Kavanaugh’s confirmation, the historical loss of American global moral authority and vulnerability of women globally

Judge Brett Kavanaugh will now be Supreme Court Justice Kavanaugh. The United States has proven once again in the eyes of the world it’s drifting far from the moral leadership it long clung to globally. In so many ways the confirmation of Justice Kavanaugh is the culmination of a long drift toward overt moral hypocrisy and isolation for the United States as an international force for good in the world.

The rush by the majority political party to put on the highest court in the land, and the most influential court on the planet an alleged rapist and serial sexual harasser whose public appearance was one of indignant entitlement very well could be the final nail in this nation’s coffin in terms of global influence.

As we’ve talked about on these pages in the past, often US’ claims of moral leadership and being the world’s leading light were exaggerated and even embellished. For example during the Cold War, liberation movements among disaffected people’s often looked to the Soviet Union not the United States for inspiration thanks to the American nation-state’s long history of racism and continued indulgence of Jim Crow segregation into the 1960’s. In recent years, it has become convenient to either 1- ignore this reality or 2- blame it on the residual distrust of western powers thanks to British and French colonialism.

This is not the case though  – the British and French had in many aspects of their foreign policy become more leftist and disconnected from their former colonies after the 1950’s. Additionally, it was the United States that showed greater trust of right-wing military juntas than of democracy (ironically the totalitarian Soviet Union appeared in many cases to trust popular movements on the ground more than the Democratic United States did) and also was more likely to subject parts of the developing world where people of color were of the majority to a new form of economic colonialism- worse in some ways than what those parts had experienced under direct western rule, because the United States exploited the population for economic gain while not investing in the institutions of governance the way previous colonial powers had.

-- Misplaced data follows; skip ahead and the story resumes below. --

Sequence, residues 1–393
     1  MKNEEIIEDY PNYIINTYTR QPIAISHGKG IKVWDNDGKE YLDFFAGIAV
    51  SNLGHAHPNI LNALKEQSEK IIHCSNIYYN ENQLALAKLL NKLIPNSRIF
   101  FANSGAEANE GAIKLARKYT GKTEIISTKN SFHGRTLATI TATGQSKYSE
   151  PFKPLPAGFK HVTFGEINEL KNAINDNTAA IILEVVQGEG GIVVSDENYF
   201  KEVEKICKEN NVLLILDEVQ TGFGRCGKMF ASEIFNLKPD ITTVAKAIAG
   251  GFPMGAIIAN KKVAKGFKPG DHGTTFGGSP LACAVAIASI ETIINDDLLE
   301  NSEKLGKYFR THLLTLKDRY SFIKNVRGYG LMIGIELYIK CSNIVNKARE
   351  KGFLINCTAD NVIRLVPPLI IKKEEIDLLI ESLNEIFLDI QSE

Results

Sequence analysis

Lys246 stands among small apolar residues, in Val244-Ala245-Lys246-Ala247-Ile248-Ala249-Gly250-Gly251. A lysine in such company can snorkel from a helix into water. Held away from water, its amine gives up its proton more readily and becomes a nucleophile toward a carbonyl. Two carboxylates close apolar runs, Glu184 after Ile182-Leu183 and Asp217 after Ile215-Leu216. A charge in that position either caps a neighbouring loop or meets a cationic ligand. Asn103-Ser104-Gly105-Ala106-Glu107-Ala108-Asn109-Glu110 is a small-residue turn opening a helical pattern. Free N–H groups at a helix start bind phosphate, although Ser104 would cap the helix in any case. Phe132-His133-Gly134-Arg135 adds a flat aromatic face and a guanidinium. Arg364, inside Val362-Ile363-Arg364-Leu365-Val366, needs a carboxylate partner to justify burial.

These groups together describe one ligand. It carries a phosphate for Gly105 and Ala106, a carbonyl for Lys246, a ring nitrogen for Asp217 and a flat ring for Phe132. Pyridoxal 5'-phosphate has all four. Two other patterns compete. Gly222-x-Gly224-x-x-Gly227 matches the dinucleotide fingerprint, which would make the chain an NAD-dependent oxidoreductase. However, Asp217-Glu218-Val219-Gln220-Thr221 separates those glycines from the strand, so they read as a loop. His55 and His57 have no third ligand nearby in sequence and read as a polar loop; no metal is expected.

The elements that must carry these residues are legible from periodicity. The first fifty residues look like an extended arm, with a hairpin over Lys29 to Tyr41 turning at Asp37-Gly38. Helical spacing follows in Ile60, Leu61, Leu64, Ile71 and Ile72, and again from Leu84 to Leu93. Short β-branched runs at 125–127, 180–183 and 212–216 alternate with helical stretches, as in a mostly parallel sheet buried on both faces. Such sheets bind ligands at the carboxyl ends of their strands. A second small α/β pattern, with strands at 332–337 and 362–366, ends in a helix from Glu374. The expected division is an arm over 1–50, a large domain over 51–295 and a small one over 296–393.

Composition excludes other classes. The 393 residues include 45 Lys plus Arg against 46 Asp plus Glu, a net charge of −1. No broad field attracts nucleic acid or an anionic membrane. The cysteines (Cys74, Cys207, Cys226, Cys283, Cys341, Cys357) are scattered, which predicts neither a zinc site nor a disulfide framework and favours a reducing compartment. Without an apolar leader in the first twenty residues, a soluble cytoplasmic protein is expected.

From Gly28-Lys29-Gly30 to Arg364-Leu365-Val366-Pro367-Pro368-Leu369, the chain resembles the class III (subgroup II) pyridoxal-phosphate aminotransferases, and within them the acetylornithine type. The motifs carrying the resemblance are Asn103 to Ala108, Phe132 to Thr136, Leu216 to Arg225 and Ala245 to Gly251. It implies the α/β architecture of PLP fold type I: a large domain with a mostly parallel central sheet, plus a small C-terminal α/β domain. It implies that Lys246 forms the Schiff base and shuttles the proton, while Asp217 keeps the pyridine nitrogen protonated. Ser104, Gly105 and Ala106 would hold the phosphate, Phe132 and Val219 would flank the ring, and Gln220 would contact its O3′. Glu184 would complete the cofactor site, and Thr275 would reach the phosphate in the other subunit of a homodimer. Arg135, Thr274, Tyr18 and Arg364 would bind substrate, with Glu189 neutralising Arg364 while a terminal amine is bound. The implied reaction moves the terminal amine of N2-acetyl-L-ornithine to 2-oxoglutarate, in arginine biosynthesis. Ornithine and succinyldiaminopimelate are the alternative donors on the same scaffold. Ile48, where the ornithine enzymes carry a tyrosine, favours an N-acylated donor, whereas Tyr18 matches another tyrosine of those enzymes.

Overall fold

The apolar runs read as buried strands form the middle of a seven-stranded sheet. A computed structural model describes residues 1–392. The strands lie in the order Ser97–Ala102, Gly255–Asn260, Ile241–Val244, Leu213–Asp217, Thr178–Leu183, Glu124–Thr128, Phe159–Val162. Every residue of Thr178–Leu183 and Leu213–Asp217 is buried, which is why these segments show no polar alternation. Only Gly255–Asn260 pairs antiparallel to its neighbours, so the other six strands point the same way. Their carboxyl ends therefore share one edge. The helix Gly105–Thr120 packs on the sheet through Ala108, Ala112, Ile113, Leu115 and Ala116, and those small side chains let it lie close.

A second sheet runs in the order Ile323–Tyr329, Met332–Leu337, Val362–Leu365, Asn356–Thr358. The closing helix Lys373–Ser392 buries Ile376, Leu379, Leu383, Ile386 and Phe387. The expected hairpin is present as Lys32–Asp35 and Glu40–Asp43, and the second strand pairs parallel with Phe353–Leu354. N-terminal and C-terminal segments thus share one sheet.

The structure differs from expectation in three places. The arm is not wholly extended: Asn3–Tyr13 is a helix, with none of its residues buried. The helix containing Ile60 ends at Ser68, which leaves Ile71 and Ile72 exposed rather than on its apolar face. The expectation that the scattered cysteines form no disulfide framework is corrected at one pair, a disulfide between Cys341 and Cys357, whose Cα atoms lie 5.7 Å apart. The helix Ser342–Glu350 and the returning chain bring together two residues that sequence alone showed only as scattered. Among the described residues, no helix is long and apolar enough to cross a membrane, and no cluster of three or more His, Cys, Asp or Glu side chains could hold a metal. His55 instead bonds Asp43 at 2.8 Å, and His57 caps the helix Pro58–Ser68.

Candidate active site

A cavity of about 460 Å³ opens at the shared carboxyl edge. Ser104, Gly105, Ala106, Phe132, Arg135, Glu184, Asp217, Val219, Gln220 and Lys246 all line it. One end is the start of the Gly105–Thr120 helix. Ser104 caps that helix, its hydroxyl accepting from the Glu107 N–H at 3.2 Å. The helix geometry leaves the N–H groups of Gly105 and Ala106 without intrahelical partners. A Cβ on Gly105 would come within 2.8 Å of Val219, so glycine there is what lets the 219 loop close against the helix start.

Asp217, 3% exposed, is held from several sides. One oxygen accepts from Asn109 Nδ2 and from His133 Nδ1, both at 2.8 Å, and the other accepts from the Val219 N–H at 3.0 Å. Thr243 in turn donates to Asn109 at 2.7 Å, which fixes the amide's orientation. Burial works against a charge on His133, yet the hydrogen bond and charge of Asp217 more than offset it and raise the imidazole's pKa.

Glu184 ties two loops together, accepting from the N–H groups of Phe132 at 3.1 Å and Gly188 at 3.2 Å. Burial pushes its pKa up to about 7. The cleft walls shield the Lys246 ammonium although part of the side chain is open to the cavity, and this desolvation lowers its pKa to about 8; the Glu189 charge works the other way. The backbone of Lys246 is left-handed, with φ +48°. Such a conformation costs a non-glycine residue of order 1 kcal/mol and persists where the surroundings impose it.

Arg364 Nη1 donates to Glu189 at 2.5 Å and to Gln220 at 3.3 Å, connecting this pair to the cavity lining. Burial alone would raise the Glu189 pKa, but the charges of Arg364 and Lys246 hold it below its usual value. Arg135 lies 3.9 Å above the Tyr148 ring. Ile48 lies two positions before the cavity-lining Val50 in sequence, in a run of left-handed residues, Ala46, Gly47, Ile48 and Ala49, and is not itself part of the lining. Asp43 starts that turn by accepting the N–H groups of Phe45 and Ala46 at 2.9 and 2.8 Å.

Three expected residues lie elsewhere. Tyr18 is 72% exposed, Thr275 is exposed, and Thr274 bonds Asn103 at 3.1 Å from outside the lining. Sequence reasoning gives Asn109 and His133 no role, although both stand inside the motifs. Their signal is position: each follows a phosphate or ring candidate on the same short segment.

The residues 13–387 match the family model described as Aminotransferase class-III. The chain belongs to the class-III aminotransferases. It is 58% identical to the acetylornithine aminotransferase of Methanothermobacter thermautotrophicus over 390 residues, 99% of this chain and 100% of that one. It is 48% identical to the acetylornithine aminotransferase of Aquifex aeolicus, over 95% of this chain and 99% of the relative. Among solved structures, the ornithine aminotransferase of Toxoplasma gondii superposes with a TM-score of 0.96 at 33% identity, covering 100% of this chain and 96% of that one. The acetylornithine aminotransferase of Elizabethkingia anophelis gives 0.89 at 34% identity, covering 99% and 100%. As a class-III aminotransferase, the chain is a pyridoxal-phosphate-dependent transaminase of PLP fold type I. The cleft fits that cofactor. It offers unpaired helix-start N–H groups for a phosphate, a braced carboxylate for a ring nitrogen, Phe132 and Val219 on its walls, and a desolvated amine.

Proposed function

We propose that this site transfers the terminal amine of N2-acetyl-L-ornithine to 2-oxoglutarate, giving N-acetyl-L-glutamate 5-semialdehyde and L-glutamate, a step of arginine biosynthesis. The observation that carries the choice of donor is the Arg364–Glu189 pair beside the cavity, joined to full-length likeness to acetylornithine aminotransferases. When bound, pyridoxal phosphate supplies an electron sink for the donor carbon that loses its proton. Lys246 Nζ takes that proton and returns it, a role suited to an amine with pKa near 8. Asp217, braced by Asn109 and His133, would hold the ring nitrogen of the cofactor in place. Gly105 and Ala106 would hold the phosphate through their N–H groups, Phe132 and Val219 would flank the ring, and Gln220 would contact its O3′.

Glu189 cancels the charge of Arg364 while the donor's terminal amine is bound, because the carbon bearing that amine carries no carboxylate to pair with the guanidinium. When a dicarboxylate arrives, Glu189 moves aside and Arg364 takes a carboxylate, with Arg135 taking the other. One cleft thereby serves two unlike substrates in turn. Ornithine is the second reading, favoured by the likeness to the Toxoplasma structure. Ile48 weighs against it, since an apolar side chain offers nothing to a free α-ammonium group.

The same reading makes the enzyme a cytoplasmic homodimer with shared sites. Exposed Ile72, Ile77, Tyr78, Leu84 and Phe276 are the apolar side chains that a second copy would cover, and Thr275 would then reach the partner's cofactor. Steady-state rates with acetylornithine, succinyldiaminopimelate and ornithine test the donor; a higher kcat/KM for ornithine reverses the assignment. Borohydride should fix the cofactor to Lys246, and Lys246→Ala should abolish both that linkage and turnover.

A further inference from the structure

However, the United States did have domestic institutions and well-educated reasoned activists who were powerful rhetorically with a professed idealism that did inspire those looking for freedom and opportunity abroad. Moreover, American culture or at least the non-commercial aspects that were exported appeared on the surface to be more egalitarian and diverse in its inspirations than what the British and French had previously brought. Aspects of western life such as secularism, less rigid clothing and greater respect for women began to permeate the developing world largely thanks to US economic and cultural influence.

The Iraq War is the point of reference most globally use when discussing the decline of American moral authority. It’s a logical starting point that represents a tipping point but by no means is not the entire picture. In fact Iraq, a war begun under flimsy premises by a President in George W. Bush that came to office under the cloud of incredible fortune if not outright fraud here in Florida showed the world the United States would as a nation seek to exploit any tragedy such as 9/11 for its own potential economic gain. The myth that the United States had a society where all persons were taken care of shattered by the government’s response to Katrina which was inferior in all forms to storms that had hit the Caribbean, Mexico and Central America in the same year and the Tsunami that had ravaged South Asia just months earlier.